Then he offers to help her find another way, but she refuses. Rael calls her to tell her the air conditioner is ready and she should beam down to Scalos with Kirk. The captain slips his message tape into Spock’s console and zips down to the transporter room to sabotage it while Deela’s looking the other way. With Rael’s plan thwarted for the moment, the only thing Kirk and Deela can do is go to his quarters to get to know each other better.

In normal time, McCoy detects a substance in the captain’s coffee cup that is also found in Scalosian water, and sets the computer to developing a cure. Spock makes a breakthrough of his own–he plays the recording of the Scalosian distress call at a high enough speed to make their speech sound just like the buzzing they’ve all heard. Just in time–McCoy discovers Kirk’s tape in the machine, and now Spock knows to slow it down to play it, which, uh, gets him up to speed on the invaders’ plan. Scotty suggests they play on the Scalosians’ level, and the Vulcan agrees. He orders the engineer to “stand by in the transporter room.”

Which Scotty takes literally–frozen in the doorway from an accelerated perspective–as Rael and his assistant try to repair the transporter. Rael tries to call Deela with an update, but she isn’t taking his calls. She and Kirk have been a little preoccupied with each other, judging from the fact that he’s sitting on his bed and pulling his boots on. Rael turns up and flies into a jealous rage. He attacks Kirk, but the captain fends him off with an office chair until Deela zaps Rael and lectures him.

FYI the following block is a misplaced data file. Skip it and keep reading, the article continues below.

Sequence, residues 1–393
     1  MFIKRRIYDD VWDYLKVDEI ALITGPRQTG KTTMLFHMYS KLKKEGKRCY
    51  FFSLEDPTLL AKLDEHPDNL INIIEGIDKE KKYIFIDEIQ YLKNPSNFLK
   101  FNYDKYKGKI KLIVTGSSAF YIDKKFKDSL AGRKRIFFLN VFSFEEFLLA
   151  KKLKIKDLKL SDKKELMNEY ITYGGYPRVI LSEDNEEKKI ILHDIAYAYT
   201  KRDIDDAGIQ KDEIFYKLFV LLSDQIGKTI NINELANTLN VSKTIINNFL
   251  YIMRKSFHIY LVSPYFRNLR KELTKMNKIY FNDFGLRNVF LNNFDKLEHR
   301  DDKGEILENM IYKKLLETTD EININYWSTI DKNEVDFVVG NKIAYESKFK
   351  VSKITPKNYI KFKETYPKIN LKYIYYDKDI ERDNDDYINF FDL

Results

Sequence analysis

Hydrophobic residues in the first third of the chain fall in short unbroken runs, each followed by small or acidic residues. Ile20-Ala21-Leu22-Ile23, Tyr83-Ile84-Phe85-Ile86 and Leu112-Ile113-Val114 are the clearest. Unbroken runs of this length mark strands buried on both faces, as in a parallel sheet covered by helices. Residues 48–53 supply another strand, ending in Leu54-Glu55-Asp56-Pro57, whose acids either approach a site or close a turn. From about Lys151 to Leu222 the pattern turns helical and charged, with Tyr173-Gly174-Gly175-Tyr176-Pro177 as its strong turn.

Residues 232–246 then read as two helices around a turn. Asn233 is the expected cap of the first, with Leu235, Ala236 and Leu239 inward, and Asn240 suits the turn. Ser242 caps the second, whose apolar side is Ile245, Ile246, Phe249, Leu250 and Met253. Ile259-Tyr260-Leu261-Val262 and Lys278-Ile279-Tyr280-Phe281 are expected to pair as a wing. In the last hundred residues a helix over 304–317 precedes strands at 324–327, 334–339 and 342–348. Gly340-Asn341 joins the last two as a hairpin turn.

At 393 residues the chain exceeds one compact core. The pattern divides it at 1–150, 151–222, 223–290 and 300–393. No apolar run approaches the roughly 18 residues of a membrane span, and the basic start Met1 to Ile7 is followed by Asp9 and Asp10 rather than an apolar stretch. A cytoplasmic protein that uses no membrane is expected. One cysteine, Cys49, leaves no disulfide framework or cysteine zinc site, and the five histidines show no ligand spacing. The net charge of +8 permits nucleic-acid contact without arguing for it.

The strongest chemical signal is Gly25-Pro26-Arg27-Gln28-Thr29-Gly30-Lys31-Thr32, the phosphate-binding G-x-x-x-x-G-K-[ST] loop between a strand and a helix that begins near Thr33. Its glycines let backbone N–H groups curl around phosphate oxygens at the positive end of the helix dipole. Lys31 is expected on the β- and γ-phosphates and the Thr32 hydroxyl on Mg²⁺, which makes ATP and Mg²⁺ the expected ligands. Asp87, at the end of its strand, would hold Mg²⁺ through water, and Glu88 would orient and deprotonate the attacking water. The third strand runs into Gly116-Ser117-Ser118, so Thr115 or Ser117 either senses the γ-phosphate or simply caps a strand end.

DEELA: Don’t you dare do anything like that again. It’s contemptible.
RAEL: Then don’t torment me. You know how I feel.
DEELA: I don’t care what your feelings are. I don’t want to know that aspect of it. What I do is necessary, and you have no right to question it. Allow me the dignity of liking the man I select. Is the transporter repaired?
RAEL: No. I have more work to do.
DEELA: Don’t you think you’d better do it?